It can be seen that the valency of an atom is related to the number of valence electrons in that atom. Let us first look at the elements helium and neon. Atoms of both these gaseous element do not combine with any other atom. These elements are chemically inert. It means that their valency is ‘Zero’.

Helium atom contains two electrons which are accommodated in the first shell ‘K’. (See the table 5.7) Helium has only one ‘K’ shell that contains electron and the same is also the outermost shell. The electron capacity (2n2 ) of ‘K’ shell is ‘two’. This indicates that the outermost shell of helium is completely filled. It is said that helium has an electron duplet. The electronic configuration of the inert gas neon contain two shell ‘K’ and ‘L’. ‘L’ is valence shell of neon. The electron capacity of ‘L’ shell is ‘eight’ and the table 5.7 shows that the valence shell of neon is completely filled. It is said that neon has an electron octet. Argon is an inert gas having electron in the shells ‘K’, ‘L’ and ‘M’. The electron capacity of the ‘M’ shell is 2 x 32 = 18. However in argon there are only 8 electron in the valence shell ‘M’. (See table 5.7) It means that there are eight electron in the valence shell of inert gases, that is an electron octet. From this it is understood that the valency is ‘Zero’ when electron octet (or duplet) is complete. The electronic configurations of elements other than inert gases (table 5.7) show that they do not have electron octet or their electron octet are incomplete. Regarding hydrogen, it can be said that its electron duplet is incomplete.

Atom of all the elements except inert gases have tendency to combine with other atoms, meaning that they have a non zero valency. You have seen from the formulae of the molecules formed by combination with hydrogen (for example H2 , HCl) that valency of hydrogen is ‘one’. The electronic configuration of hydrogen shows that there is ‘one’ electron less than the complete duplet state. This number ‘one’ matches with the valency of hydrogen which is also ‘one’. Moreover it is learnt that the electronic configuration of sodium (2, 8, 1) has ‘one’ electron in the valence shell and the valency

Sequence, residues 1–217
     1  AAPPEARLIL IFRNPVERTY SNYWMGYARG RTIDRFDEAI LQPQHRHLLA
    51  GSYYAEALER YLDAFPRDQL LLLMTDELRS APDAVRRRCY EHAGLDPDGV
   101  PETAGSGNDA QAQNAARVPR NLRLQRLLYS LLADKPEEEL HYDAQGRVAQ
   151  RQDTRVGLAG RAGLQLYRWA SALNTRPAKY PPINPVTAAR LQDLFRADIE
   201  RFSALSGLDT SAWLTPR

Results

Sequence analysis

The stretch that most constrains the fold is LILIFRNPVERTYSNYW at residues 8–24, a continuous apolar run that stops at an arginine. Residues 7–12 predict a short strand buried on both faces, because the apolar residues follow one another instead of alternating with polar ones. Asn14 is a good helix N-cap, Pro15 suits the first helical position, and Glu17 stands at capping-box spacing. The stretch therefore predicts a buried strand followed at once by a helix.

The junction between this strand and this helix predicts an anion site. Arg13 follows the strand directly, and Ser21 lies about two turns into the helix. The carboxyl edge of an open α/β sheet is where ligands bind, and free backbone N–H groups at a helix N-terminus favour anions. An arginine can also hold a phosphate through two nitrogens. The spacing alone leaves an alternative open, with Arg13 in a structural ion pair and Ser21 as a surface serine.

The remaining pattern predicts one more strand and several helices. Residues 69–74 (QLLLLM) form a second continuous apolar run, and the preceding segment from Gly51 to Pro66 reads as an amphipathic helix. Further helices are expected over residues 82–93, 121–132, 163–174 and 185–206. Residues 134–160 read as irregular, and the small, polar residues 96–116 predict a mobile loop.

of sodium is also ‘one’ as seen from the molecular formulae NaCl, NaH, etc. It means that there is some relation between the valency of an element and the number of electron in its valence shell.

1.When the number of the valence electrons in an element ‘x’ is 4 or less than 4, does ‘x’ match with the valency of that element ?

  1. When the number of the valence electrons in an element ‘x’ is 4 or more than 4, does ‘(8-x)’ match with the valency of that element? How many electrons are used to complete the octet ? From this you will learn that there is a general relationship between the valency of an element and its electronic configuration as shown below.
  2. The number of electrons of some elements is given here. By using it write the electronic configuration, number of valence electron and valency of the respective elements.
  3. Why are the atomic numbers and atomic mass numbers always in whole numbers ?
  4. Sulphur contains 16 proton and 16 neutrons. What would be its atomic number and mass number?

Isotopes : The atomic number is a fundamental property of an element and its chemical identity. Some elements in nature have atoms with same atomic number but different mass number. Such atom of the same element having different mass number are called isotopes. For example, carbon has three isotopes, namely, C – 12, C – 13, C – 14. The mass number of isotopes is also represented by another method as 12 C , 13 C and 14 C. The isotopes have same proton number but different neutron number

Nuclear Reactor : Nuclear reactor is a machine that generates electricity on large scale by using atomic energy (See fig. 5.10). In a nuclear reactor, the nuclear energy in atom is released by bringing about nuclear reactions on the nuclear fuel. Let us understand a nuclear reaction with example of a nuclear fuel, namely, Uranium – 235. On bombardment with slow speed of neutrons, the nucleus of the isotope Uranium – 235 undergoes nuclear fission to form nuclei of two different elements Krypton – 92 and Barium – 141 and 2 to 3 neutrons. On decreasing the speed these neutrons bring about fission of more U-235 nuclei. In this way a chain reaction of nuclear fission takes place. (See the figure 5.11) A large amount of nuclear energy is released during a chain reaction of fission. The chain reaction is kept under control to prevent the probable explosion. To control the chain reaction in the nuclear reactor it is necessary to decrease the speed and number of neutrons. For this purpose the following provision is made in a nuclear reactor.

  1. Moderator : Graphite or heavy water is used as moderator for reducing the speed of neutrons.
  2. Controller : To reduce the number of neutron by absorbing them rods of boron, cadmium, beryllium etc. are used as controller. The heat produced in the fission process is taken out by using water as coolent. Water is transformed into steam. By means of this steam, turbines are driven and electricity is generated.

In India, total twenty two nuclear reactors in eight places are functioning. ‘Apsara’ at Bhabha Atomic Research Centre in Mumbai is the first nuclear reactor in India which went critical on 4th August 1956. India has large reseves of the element Thorium -232. Therefore Indian scientists have developed a future plan for nuclear reactors based on production of the isotope U – 233 from Th – 232